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  • WY.ELA-Literacy.SL.6.4
Emotions Matter
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Emotions are important. Students will work in groups to come up with an example of how an emotion can help us in our daily lives and oppositely how an emotion could hinder us. Students will use chart paper to make a one-pager poster of their example. After, students can gallery walk and present their ideas.

Subject:
Language Education (ESL)
English Language Arts
Speaking and Listening
Material Type:
Lesson
Lesson Plan
Author:
Tamra Southerton
Oregon Open Learning
Date Added:
06/03/2022
Grade 6 ELA Module 2B
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CC BY-NC-SA
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In this eight-week module, students explore the idea of adversity of people across time and place, and through multiple modes of writing. Students begin this module with a research-based unit on the Middle Ages. They read informational articles about various aspects of medieval life, learning and practicing the skills of summarizing an article, analyzing how ideas are developed across a text, and describing how a part of a text contributes to the whole. Students then break into expert groups to read closely about one demographic group. They practice the informational reading skills they have learned and explore the adversities faced by that group. In the second half of Unit 1, students write an informational essay based on their research as their end of unit assessment. In Unit 2, students use their background knowledge built during Unit 1, but move to reading literature: Good Masters! Sweet Ladies! Voices from a Medieval Village. This is a book of monologues told from the perspective of children living in the same village during the Middle Ages. Students have dual tasks: First, they identify the various adversities faced by this cast of characters; secondly, they examine the author’s craft, specifically by identifying and interpreting figurative language in the monologues as well as analyzing how word choices affect the tone of the text. In the second half of Unit 2, students write a literary argument to address the question “Do we struggle with the same adversities as the people of Good Masters! Sweet Ladies!?” In Unit 3, students move into modern voices of adversity by reading concrete poems in the books Blue Lipstick and Technically, It’s Not My Fault. These concrete poems highlight adversities faced by the speakers of the poems, an adolescent girl and her younger brother. Students apply the same reading skills they learned in the reading of Unit 2, but this unit is discussion-based, allowing teachers to assess students’ speaking and listening skills in small group discussions about the texts. For their performance task, students choose a writing format—narrative, like the monologues of Good Masters! Sweet Ladies!, or concrete poem—and write their own text about adversities faced by sixth-graders. Students then perform their writing for a group of their peers.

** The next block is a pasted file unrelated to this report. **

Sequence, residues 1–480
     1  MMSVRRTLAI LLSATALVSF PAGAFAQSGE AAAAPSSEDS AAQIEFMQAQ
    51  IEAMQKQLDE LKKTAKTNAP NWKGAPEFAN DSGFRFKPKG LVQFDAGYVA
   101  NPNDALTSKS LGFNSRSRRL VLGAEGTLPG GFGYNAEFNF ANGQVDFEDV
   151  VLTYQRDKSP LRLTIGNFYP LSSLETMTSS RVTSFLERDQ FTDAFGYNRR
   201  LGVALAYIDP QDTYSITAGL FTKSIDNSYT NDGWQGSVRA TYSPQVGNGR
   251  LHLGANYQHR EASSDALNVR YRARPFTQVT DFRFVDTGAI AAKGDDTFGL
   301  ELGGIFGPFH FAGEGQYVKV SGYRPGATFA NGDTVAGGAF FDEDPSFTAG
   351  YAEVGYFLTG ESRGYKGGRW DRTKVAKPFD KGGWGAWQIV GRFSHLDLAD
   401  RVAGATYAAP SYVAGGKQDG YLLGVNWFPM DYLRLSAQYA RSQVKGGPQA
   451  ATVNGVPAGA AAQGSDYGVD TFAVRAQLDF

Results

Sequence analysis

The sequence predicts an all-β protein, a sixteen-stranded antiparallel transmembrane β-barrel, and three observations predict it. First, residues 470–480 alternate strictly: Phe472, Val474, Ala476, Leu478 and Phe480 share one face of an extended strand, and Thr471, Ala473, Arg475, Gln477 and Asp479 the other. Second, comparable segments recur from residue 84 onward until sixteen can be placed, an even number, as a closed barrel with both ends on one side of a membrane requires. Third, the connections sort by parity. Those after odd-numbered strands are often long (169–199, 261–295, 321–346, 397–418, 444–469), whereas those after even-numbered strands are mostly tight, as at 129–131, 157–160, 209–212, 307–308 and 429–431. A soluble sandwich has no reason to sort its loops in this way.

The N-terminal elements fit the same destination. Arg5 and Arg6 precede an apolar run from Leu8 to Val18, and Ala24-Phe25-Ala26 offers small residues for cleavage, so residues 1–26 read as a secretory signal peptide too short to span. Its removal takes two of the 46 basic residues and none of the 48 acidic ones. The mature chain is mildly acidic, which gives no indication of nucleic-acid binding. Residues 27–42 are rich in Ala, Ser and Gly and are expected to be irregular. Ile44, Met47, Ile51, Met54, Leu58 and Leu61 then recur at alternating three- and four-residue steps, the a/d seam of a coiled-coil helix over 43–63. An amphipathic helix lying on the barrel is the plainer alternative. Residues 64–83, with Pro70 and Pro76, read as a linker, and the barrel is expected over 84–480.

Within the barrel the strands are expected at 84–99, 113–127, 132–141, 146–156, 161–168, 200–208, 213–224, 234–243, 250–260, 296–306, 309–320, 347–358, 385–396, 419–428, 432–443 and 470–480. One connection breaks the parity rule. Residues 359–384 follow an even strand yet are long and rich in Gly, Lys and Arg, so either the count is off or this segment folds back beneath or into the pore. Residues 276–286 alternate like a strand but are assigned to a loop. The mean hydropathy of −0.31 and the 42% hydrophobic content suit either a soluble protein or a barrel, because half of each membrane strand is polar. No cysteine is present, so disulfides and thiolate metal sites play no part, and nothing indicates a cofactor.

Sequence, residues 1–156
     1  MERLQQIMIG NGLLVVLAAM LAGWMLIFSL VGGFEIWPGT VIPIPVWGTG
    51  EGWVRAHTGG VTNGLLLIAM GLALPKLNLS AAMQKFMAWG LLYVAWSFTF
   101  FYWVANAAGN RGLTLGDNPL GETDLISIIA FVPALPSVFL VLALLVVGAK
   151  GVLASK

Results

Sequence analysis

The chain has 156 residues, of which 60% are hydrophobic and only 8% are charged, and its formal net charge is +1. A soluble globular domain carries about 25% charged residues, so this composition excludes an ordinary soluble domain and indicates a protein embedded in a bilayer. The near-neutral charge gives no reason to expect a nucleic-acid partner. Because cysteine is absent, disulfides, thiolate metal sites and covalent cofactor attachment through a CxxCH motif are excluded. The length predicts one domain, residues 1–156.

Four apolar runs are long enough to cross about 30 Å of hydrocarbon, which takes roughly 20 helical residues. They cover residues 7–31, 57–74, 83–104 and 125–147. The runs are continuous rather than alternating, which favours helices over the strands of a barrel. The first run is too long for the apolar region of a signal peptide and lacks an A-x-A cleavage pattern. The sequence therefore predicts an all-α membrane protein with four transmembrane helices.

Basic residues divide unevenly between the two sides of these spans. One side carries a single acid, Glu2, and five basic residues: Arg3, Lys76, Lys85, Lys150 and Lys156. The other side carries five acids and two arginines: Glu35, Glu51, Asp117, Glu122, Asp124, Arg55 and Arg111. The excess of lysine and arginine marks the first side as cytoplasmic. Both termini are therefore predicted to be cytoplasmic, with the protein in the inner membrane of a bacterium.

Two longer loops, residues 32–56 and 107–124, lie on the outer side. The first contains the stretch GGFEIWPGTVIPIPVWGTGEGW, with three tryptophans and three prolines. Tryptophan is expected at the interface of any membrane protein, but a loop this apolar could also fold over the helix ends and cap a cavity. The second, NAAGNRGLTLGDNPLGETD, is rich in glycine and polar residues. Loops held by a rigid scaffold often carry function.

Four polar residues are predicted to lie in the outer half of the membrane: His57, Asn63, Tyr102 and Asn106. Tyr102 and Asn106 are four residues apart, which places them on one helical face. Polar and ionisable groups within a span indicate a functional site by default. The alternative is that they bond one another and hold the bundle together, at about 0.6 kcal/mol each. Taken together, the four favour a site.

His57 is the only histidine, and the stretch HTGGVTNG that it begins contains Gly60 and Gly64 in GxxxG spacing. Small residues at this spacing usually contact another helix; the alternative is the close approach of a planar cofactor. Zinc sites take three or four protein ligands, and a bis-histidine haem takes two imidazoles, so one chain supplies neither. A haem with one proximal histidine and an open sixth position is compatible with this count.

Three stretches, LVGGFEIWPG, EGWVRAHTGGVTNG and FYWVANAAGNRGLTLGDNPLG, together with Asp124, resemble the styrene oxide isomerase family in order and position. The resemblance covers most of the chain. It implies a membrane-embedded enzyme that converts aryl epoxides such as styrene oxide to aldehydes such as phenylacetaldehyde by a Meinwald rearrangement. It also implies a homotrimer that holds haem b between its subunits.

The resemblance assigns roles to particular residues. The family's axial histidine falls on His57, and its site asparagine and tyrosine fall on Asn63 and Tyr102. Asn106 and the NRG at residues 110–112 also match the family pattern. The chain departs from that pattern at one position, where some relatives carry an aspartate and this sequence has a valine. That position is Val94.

Subject:
Reading Informational Text
Material Type:
Module
Provider:
New York State Education Department
Provider Set:
EngageNY
Date Added:
06/03/2014
PEI SOLS Middle School Wetlands: Ecosystem Services
Unrestricted Use
CC BY
Rating
4.0 stars